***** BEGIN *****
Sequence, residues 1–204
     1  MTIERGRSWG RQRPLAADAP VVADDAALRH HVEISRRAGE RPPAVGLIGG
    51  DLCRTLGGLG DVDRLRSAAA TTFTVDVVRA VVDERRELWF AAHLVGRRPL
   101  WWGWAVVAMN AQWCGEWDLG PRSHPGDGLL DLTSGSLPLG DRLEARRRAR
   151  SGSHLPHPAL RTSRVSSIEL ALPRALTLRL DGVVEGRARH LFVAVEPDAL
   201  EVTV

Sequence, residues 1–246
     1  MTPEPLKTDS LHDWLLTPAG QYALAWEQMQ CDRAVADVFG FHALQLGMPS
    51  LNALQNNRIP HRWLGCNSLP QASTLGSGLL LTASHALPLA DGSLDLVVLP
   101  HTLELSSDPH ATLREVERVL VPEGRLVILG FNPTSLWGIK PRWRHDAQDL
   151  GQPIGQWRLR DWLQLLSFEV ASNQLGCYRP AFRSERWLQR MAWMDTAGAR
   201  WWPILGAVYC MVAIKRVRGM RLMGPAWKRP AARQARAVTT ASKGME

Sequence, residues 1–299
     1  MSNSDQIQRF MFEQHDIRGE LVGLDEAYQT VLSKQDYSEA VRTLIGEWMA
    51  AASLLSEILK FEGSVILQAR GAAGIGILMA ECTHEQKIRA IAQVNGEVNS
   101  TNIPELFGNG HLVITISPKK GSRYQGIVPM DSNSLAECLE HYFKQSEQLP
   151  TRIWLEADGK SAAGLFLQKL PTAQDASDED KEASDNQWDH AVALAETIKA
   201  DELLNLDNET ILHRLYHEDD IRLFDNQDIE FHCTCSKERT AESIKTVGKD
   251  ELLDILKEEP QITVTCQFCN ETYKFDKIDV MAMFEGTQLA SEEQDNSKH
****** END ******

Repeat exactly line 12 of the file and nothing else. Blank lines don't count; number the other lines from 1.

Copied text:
   201  WWPILGAVYC MVAIKRVRGM RLMGPAWKRP AARQARAVTT ASKGME